a growing nation: literature of the american renaissance

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A GROWING NATION
LITERATURE OF THE AMERICAN
RENAISSANCE 1800-1870
A Snapshot of the Period
 French writer Alexis de
Tocqueville was so
enchanted by the spirit of the
young nation.
 By 1870 industrialism,
population growth,
economic changes, and the
Civil War had all aged the
nation’s spirit.
 Poe, Emerson, Thoreau,
Dickinson, and Whitman all
shone their distinctly
American light far beyond
“the forests of the New
World.”
Historical Background
 The European Renaissance- the rebirth of classical
art and learning- took place in the 14th, 15th , and
16th centuries.
 The American version, more like a flowering, took
place in the 19th. The nation came of age and
entered a literary and cultural maturity.
 The nation’s capitol was moved and America
founded the Library of Congress.
Historical Background:
Steam, Steal, and Spirit
 1803 Jefferson doubled the
population with the
Louisiana Purchase.
 Improved transportation
helped bind new and old
states together.
 The Gold Rush drew
hundreds out West.
 Major advances in
technology spurred social
and cultural change.
Factories were sprouting
everywhere.
Historical Background: The
Slow March of Democracy
 1828 Andrew Jackson “the
people’s president, ushered
in the era of common man.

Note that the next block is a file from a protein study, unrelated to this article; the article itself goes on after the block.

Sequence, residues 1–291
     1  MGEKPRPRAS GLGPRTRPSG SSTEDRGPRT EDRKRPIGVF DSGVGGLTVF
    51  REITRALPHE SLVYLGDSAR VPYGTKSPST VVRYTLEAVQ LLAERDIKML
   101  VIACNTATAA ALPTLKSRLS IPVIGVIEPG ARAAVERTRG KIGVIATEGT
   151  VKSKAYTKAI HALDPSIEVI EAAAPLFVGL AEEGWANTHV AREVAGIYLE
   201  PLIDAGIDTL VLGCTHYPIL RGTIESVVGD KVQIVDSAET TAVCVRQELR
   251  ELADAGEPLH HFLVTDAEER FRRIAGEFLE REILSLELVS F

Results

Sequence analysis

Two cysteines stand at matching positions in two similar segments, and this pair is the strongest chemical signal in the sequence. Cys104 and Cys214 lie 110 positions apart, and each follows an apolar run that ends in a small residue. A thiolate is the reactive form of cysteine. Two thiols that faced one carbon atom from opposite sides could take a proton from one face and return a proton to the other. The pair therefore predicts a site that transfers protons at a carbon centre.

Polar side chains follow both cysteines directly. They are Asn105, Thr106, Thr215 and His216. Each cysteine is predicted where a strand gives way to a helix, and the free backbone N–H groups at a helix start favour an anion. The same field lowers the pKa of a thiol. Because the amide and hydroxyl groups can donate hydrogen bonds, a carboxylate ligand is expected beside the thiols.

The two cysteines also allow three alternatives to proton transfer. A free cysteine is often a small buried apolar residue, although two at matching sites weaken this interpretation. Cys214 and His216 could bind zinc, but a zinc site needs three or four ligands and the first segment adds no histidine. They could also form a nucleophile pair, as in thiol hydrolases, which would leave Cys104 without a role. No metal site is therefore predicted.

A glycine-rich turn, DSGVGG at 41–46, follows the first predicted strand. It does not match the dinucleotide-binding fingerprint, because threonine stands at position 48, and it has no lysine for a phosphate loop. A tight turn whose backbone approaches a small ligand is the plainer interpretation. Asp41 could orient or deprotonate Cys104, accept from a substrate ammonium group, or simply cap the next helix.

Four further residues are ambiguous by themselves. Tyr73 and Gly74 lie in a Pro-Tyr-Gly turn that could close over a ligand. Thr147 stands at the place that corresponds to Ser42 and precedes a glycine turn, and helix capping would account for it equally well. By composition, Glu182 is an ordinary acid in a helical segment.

 Only white males could vote.
 Little attention was paid to
women, and the African
Americans were still
enslaved.
 The Native Americans tribal
lands were confiscated and
the “Trail of Tears” began.
Historical Background: On
the World Stage
 The first decades of the 1800s
were hopeful.
 The War of 1812 showed the
Europeans that America was
here to stay.
 The Monroe Doctrine
warned Europe not to
interfere with Latin nations.
 When TX was admitted to
the Union, yet another
territory was added, ending
the war with Mexico.
Historical Background:
Winds of Change
 During the mid century the
US faced trouble as well as
promise.
 There was fierce competition
scarred by child labor and
unsafe working conditions.
 Women gained some rights,
but the deepest divide still
was slavery.
 In 1861, the gathering storm
surrounding slavery burst
into a Civil War.
Key Historical Theme:
Coming of Age
 Physical expansion and technological progress lay
the foundation for an American cultural flowering.
 Democracy advanced, although, women, Native
Americans, and African Americans did not fully
share in it!
 The conflict over slavery eventually led to a Civil
War.
Essential Questions Across
Time
What did Americans discover
as they explored the
continent?
 The US gradually extended
west.
 Americans were inspired by
the sheer size of the land.
 There were vast prairies in
the Midwest, demanding
deserts in the Southwest,
unbroken forests in the
North, grand mountains and
oceans in the West.
What attitudes developed
toward the American land?
•
The land demanded
optimism and practical
invention, calling
continuously for steps west.
•
Commercial possibilities
were as wide as the
landscape.
•
Many Americans developed
an attitude that went further
than practicality. The land
struck them in awe.
Essential Questions Across
Time